Sunday 15 June 2014

Familiarity Without Contempt

[The Acropolis and part of Mt Geryon from Lake Cyane on the Labyrinth] 

I hear myself saying it. “We’re only going to Pine Valley”.

We’ve been chatting with another group of walkers in the Derwent Bridge Hotel, and I’m responding to news that they’re going to the King William Range. I’d been there in the 1980s – in high summer – and it was a hard enough walk then, even with long days and youthful legs. I am wide eyed that they would tackle the range in winter, with days lacking both length and warmth.

Certainly in comparison a three hour amble, an altitude gain of just 100m, and a cosy hut with a wee coal stove sound soft. But comparisons are odious, and I am soon castigating myself for belittling this walk. As we leave the southern Overland Track and enter the magical, dimly-lit forests of the Cephissus Valley, I feel afresh that sense of awe that hits me every time.

[Deep in the Cephissus Valley] 

Outside noises soften, conversation falls away, and bird calls seem muted as we move through the fair forest. Even the showers that have followed us up from leeawuleena/Lake St Clair recede.

Pine Valley is named for the King Billy and celery-top pines that thrive here. Such conifers, with links back to Gondwanan days, are rare in an Australian context. It’s not just the conifers, but the whole raft of associated species that mark out the forest’s uniqueness. Mosses and lichens of every green shade cover the forest floor; smother downed trees; climb up living trunks; and join with leaves and epiphytes to tint the very air. Brilliantly coloured fungi, from sulphur and fluoro-green to lollypop reds and oranges, offer sudden bursts of contrast.

[Fungus and lichen on a tree trunk, Pine Valley] 

Pine Valley Hut sits deep in this forest in the upper section of the Cephissus valley. We’re not surprised that it’s cold and wet for our arrival: it is winter and the shade is deep. But lunch, a hot drink and the coal stove soon fix that. And as we settle in the weather continues to improve, a hopeful sign for our planned day up in the Labyrinth.

Light is slow to seep into this deep valley in the morning. The cold night promises a clear sky, and after breakfast we start to see blue sky through the trees. The Labyrinth is a remarkably beautiful dolerite plateau that sits a few hundred metres above our valley: another reason for visiting Pine Valley. The plateau is full of lakes and tarns, the result of ice-scraping during the ice ages. Its thin soils hold dogged patches of Gondwanan vegetation, including pencil pines and deciduous beech.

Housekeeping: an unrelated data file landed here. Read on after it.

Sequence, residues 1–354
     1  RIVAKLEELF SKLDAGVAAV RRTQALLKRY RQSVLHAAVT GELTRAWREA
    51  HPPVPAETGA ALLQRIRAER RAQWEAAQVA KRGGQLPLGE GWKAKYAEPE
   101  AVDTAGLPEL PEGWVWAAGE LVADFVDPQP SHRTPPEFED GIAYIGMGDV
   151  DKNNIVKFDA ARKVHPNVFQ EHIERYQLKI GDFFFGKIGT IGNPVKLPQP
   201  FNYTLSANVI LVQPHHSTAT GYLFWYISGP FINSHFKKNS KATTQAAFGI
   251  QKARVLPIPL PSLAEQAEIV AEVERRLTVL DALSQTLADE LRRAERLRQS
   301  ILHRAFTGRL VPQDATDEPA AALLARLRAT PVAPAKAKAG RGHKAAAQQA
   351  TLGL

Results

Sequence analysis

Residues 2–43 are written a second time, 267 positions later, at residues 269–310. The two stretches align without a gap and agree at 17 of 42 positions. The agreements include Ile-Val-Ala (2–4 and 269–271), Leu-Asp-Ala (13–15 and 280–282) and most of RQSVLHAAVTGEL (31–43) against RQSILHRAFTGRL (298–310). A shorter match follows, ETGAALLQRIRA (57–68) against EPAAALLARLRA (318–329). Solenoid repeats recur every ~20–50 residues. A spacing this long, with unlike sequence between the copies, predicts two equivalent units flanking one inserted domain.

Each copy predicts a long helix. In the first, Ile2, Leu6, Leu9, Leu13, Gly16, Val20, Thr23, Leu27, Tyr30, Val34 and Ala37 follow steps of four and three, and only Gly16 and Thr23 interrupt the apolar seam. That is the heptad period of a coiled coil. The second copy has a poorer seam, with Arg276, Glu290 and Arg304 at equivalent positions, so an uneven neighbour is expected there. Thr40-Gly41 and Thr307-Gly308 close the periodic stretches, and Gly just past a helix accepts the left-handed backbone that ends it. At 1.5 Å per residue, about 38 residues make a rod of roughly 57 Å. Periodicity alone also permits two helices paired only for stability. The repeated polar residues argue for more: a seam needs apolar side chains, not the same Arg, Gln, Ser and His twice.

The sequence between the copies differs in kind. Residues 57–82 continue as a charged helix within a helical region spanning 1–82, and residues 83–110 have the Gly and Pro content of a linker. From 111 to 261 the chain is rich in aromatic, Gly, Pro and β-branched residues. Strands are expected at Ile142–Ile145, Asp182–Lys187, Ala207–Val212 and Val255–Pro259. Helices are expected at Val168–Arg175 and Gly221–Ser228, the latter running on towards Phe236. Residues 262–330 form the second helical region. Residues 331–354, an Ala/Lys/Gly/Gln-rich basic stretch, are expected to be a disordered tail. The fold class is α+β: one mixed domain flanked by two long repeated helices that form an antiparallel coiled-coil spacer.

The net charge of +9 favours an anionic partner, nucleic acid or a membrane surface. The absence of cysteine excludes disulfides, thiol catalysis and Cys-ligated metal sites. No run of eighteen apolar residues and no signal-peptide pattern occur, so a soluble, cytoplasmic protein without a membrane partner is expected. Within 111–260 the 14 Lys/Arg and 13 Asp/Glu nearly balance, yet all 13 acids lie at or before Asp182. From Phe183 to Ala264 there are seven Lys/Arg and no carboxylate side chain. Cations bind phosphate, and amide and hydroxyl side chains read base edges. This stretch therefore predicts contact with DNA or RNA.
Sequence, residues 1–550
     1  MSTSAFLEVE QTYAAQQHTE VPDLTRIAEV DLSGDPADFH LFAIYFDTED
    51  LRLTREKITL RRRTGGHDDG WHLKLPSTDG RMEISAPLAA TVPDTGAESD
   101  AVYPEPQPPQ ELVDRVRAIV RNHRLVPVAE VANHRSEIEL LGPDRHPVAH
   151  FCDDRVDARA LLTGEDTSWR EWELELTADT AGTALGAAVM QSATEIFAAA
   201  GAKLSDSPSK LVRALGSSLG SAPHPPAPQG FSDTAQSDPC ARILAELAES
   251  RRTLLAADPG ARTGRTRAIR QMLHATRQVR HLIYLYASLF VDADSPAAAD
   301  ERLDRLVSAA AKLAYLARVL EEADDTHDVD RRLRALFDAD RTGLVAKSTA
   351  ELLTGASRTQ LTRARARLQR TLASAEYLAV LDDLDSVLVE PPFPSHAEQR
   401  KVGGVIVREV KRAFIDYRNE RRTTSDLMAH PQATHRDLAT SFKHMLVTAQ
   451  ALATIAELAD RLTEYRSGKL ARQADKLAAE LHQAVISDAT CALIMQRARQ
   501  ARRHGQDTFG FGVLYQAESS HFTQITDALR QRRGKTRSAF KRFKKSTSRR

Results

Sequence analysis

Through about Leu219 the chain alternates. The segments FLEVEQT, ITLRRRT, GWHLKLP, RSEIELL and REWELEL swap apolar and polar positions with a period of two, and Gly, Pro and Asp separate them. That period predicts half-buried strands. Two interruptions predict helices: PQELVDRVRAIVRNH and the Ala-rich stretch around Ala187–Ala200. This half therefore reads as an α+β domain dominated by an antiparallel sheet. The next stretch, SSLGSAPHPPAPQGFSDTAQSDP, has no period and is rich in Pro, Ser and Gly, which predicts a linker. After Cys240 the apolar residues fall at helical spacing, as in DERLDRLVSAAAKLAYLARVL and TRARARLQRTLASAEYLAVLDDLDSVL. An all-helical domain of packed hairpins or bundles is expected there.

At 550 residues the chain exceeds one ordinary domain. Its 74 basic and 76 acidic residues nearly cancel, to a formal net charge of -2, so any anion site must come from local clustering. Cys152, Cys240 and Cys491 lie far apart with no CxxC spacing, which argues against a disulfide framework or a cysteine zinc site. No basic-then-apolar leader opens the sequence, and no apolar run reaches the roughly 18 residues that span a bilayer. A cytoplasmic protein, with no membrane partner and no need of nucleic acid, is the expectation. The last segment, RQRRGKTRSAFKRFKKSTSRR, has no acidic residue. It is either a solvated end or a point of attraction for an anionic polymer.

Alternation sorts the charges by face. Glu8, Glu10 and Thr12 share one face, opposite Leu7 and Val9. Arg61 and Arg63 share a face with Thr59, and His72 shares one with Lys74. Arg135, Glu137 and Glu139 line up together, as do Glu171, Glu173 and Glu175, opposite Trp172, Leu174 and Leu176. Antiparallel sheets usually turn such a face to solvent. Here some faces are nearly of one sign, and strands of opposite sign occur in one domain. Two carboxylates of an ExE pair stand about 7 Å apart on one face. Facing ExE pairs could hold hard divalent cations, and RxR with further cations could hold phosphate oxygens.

[A pencil pine, a pool and Mt Geryon: the Labyrinth] 

Although the initial climb from the valley is only about 300m vertically, the track is at times brutally direct. I took the late great English writer Roger Deakin up to the Labyrinth some years ago. I recall his tart question about the track builders as we grunted up one particularly steep bit: “Hadn’t they heard of switch-backs?” There’s an appreciation of Roger and more about that trip here

We gain the top in brilliant winter sunshine. The only thing resembling cloud is a rapidly dissolving layer of misty cloud over leeawuleena. A few wisps kiss the cliffs of a distant Mt Olympus, but nearer to us all is clear.

[Reflection, walkers and part of the Parthenon on the Labyrinth] 

We almost have to remind ourselves that it’s winter, until we start slipping on occasional icy patches. That and the low angle of the late morning sun as we walk northward across the plateau. We exult in the incredibly still conditions; enjoy a leisurely lunch; wander about the lakes; chat, take photographs, and generally poke about for an hour or more.

[Pencil pines, Lake Cyane and the Acropolis: the Labyrinth] 

In the six to eight times I’ve been up here, these are the best conditions I’ve ever seen on the Labyrinth, summer, winter or any other season. A memorial plaque in the Pine Valley Hut is a reminder of how brutal conditions can be up here. 20 year old Clare Hutchison disappeared on the Labyrinth in a summer snow storm in December 2000. A life as short as a winter day.

We return to the hut by 3:30pm. Already the day is darkening, and we’re glad of the hut’s warmth, and the promise of wine and food. Tomorrow we’ll be leaving Pine Valley after yet another wonderful visit. I hope to return again soon. And next time there will be no “only” about it.

[Waiting for the ferry at Narcissus, leeawuleena/Lake St Clair]

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